Scientists Just Cured the Coronavirus With Inhalable Nanobodies

But only in hamsters, for now.
Brad Bergan
Purple vapor on the left, and the coronavirus on the right.1, 2

Imagine an alternate universe where, instead of traveling across the city or driving anxiously for miles to a vaccination center, you simply pick up a gadget with inhalable nanobodies in a vapor-like form that can cure early-stage illnesses, and even prevented them from coming back. Imagine we're talking about the coronavirus, and the vapor is a cloud of nanobody-based material. Turns out, this isn't cyberpunk exposition.

A new inhalable nanobody-based treatment could prevent and treat the COVID-19 coronavirus via ultra-low doses, according to a new study involving hamsters and published in the journal Science Advances.

While this is still in a very early, preclinical phase, this could fundamentally change the way we prevent radical viruses on a societal level.

The nanobody-based substance works regardless of its entry point into a respiratory system

The inhalable nanobody-based treatment could prevent and treat COVID-19 coronavirus infections via ultra-low doses, in a new study with Syrian hamsters. The new therapy is called the Pittsburgh inhalable Nanobody 21 (PiN-21), and might offer an affordable and needle-free alternative to the monoclonal antibodies conventionally used to treat early infections. Sham Nambulli and their colleagues developed a new method called PiN-21, which makes use of single-domain antibody fragments, which are far less costly to produce than monoclonal antibodies. And this recent study represents the first successful report of PiN-21's efficacy in living organisms.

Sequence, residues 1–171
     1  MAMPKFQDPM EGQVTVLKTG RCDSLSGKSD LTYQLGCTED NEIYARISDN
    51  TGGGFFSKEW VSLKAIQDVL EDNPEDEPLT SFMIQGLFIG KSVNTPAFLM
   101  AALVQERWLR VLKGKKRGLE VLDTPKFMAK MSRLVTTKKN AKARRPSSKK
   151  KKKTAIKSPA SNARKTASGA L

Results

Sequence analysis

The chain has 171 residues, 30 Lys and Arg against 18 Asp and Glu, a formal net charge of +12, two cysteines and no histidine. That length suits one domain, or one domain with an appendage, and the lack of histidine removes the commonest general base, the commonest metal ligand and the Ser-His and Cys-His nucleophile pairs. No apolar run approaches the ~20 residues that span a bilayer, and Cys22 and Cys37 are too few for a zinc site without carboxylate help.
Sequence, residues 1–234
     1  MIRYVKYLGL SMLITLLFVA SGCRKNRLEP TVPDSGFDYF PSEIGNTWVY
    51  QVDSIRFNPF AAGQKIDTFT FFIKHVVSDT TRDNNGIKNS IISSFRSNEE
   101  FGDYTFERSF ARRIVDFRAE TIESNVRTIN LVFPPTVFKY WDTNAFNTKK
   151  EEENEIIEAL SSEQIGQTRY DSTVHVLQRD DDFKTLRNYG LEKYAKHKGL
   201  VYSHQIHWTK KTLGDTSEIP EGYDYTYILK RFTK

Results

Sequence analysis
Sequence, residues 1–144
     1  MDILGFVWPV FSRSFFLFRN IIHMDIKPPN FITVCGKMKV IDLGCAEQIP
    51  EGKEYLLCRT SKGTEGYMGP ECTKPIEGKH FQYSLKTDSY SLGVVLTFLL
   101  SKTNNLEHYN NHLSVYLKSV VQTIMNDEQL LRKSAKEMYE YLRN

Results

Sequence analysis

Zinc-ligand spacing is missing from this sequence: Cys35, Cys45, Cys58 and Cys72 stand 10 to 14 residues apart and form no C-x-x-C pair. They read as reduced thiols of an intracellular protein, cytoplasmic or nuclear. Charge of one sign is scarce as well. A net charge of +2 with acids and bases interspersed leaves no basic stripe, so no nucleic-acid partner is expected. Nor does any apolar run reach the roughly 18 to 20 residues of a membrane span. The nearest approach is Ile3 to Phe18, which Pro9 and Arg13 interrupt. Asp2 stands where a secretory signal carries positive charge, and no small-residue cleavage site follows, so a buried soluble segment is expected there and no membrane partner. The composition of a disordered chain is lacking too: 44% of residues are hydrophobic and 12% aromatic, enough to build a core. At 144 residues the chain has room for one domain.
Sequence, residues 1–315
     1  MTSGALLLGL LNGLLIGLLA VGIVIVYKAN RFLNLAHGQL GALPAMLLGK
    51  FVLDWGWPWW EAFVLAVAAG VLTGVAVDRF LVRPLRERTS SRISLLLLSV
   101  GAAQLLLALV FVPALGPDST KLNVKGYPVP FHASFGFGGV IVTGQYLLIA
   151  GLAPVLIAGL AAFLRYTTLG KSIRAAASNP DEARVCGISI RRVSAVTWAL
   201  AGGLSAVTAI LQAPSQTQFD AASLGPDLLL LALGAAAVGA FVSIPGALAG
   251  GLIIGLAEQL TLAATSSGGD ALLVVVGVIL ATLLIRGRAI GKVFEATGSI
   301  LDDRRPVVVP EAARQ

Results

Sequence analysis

In the study, the researchers introduced a 0.6 milligram-per-kilogram dose of PiN-21 into hamsters' naval cavities, just after they were deliberately infected with the coronavirus (via the trachea). This novel treatment stopped the infected hamsters from losing substantial weight, and destroyed the virus after 10 days, according to the study. The scientists also discovered that PiN-21 retained its ability to clear the virus from the hamster lungs upon introducing the virus via the nasal cavities, which means the treatment can work independently of which respiratory system outlet serves as the point of entry for the substance.

The nanobody-based treatment may also be aerosolized

In another experiment, the scientists placed infected hamsters inside a chamber, which contained a 0.2 milligram per kilogram dose of PiN-21 nanobodies in aerosolized form (via nebulizer), creating a whole-body exposure to the substance. The researchers found that viral lung in the hamsters' lung tissue was severely diminished after the chamber exposure, by six orders of magnitude. "We envision that PiN-21 aerosolization treatment could provide both a convenient and cost-effective solution to alleviate disease onset and reduce virus transmission, especially for mild COVID-19 patients who constitute major populations of infections," wrote the authors, according to an embargoed release shared with IE. The researchers also emphasized that additional preclinical trials, like safety tests on non-human primates, are crucial before the PiN-21 nanobody-based substance can advance to human trials.

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This is an incredible development that could lead to a massive scale-up in health experts' ability to rapidly innoculate populations from not only the initial coronavirus, but potentially several variants, possibly stopping radical mutations of the COVID-19 coronavirus before they can spread beyond a small community like a fast-action precaution to new pandemic threats. It's far too early to say any of this will happen for certain, but the benefits everyone stands to make from such a simple, and easily-disbursed weapon against the virus is too great to ignore.

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